• The world of work is increasingly collaborative, driving changes in the way student projects are structured. This trend is being driven by the increasingly global and cooperative nature of business interactions facilitated by Internet technologies. The days of isolated desk jobs are disappearing, giving way to models in which teams work actively together to address issues too far-reaching or complex for a single worker to resolve alone. While this trend is not widespread, where schools have created a climate in which students, their peers, and their teachers are all working towards the same goals, where research is something open even to first year students, the results have shown tantalizing promise. Over the past few years, the emergence of a raft of new (and often free) tools has made collaboration easier than at any other point in history. (From 2011 Horizon Report Short List) - Larry Larry Feb 25, 2011- chris.brown chris.brown Feb 25, 2011- jan.morrison jan.morrison Feb 25, 2011 - judy.oconnell judy.oconnell Feb 26, 2011- cristiana.mattos cristiana.mattos Feb 26, 2011 - virginie.aimard virginie.aimard Feb 28, 2011
  • Web 2.0 tools are re-defining the way we live, work and play. Users of Web 2.0 tools tend to have to collaborate when using the tools. If we want our students to collaborate locally and internationally and develop collaborative skills, using these tools is a natural fit. - limad limad Feb 26, 2011 The Web 2.0 tools also provide opportunites for communication, critical thinking and problem solving collaboratively across boundaries which advance our skills of communication. - lynn.nolan lynn.nolan Feb 27, 2011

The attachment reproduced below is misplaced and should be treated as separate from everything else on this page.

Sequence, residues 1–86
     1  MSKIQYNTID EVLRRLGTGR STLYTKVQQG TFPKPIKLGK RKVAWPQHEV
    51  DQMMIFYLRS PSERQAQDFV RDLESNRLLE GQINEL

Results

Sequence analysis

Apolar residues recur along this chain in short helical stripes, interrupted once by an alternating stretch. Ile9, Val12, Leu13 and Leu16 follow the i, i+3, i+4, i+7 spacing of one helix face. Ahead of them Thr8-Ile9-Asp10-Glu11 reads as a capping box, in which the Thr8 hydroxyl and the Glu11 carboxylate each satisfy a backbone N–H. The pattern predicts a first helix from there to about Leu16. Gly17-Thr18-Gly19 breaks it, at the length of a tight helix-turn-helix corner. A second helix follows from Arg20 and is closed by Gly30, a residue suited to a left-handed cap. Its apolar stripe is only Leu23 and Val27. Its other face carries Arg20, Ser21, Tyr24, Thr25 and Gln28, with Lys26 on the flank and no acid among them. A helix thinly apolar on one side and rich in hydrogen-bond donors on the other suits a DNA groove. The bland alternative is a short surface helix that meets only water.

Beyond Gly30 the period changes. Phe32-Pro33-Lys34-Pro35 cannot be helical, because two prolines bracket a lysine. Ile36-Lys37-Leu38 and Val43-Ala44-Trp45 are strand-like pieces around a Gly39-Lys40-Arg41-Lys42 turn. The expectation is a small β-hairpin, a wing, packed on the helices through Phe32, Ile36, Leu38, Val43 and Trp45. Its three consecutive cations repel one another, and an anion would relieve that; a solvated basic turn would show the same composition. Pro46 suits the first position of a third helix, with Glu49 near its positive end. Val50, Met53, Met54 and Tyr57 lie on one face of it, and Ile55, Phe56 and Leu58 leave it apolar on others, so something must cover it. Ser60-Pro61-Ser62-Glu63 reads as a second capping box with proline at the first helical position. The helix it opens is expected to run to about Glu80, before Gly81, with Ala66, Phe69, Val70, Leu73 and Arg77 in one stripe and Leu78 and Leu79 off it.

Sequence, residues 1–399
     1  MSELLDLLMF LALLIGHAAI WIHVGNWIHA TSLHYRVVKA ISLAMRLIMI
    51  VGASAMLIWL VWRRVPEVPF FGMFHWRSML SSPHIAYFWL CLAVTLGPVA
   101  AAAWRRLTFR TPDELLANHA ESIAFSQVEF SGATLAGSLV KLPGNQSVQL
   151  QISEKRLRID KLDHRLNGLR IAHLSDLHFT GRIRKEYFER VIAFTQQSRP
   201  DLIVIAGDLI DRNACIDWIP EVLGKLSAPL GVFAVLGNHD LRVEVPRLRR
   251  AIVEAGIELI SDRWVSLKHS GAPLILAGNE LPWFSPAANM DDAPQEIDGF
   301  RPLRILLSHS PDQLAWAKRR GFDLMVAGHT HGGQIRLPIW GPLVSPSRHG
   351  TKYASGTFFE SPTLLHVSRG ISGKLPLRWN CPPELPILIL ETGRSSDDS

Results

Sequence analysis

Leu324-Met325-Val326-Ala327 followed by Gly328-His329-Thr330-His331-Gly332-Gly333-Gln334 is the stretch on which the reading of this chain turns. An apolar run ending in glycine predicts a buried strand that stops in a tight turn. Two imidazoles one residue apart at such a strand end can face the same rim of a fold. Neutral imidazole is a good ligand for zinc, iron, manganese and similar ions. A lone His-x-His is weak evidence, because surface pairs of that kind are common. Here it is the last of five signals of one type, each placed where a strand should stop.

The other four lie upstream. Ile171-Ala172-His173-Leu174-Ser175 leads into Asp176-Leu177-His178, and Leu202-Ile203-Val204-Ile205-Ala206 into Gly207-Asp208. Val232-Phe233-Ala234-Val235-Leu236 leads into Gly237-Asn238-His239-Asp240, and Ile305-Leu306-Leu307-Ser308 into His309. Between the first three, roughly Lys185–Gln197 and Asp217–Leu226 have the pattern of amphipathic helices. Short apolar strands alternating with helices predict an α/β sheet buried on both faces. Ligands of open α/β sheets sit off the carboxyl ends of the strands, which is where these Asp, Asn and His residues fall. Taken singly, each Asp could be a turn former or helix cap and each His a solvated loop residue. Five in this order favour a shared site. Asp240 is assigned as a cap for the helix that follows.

• Unbundling Presently credentials such as diplomas are based primarily on "seat time" with an adequate class grade. For critical professions like Nurse or Aircraft Pilot, a proficiency exam is required because the diploma by itself isn't sufficient. Unbundling credential from instruction changes the framework entirely. There is a trend toward tying credentials to proficiency assessment rather than seat time. Examples are professional licensure (above), technical certifications (e.g. MCP/MCSE/CCNA), GED and so forth. The "Merit Badge" metaphor is often used when unbundling proficiency certification from learning -- particularly when applied to the K-12 space. Unbundling has many advantages. It makes clear exactly what's expected, it allows flexibility for the student to choose a learning method best suited to his/her needs and it supports independent pacing. Most importantly, in creates an environment that supports rapid innovation.- brandt.redd brandt.redd Feb 24, 2011- chris.brown chris.brown Feb 25, 2011- jan.morrison jan.morrison Feb 25, 2011 - will.richardson will.richardson Feb 26, 2011 I think this will be a huge trend moving forward, one that schools will resist as they can.- cristiana.mattos cristiana.mattos Feb 26, 2011 - alec.couros alec.couros Feb 26, 2011 I'd love to see this happen soon. alice.owen- alice.owen alice.owen Feb 27, 2011